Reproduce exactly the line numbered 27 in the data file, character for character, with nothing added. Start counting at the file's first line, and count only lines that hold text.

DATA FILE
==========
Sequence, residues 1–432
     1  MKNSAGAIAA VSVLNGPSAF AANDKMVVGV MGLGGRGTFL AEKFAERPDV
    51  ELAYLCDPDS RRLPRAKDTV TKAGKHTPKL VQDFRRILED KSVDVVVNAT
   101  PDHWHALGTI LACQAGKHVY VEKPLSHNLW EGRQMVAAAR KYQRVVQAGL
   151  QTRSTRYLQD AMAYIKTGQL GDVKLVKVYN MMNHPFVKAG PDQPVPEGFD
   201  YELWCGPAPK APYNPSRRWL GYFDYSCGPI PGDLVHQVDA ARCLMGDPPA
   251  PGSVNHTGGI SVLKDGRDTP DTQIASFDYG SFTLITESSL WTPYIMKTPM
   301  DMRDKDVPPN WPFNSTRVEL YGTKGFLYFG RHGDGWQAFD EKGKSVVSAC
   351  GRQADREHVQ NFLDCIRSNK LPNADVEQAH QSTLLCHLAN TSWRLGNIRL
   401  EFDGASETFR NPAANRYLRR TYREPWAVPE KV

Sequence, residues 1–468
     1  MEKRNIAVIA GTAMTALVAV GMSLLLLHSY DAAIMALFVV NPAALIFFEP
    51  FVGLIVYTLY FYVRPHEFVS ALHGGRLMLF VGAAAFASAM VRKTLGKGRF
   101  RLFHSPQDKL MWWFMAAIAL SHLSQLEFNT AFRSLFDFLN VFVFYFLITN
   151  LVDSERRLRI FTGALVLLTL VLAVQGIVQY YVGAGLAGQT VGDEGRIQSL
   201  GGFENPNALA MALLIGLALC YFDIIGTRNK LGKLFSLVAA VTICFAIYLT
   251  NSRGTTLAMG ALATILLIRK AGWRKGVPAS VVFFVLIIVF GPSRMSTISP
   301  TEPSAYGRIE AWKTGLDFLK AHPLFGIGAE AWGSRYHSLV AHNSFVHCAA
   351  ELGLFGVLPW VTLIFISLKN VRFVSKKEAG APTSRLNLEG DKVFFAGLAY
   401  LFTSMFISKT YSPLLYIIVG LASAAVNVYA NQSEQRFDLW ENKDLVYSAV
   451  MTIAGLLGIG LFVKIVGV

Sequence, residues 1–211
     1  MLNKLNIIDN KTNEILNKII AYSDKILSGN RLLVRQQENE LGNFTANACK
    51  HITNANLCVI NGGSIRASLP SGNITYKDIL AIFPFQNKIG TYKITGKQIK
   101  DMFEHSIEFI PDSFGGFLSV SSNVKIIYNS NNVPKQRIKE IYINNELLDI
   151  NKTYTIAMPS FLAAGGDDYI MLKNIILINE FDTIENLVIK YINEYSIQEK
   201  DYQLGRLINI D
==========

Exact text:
   201  DYQLGRLINI D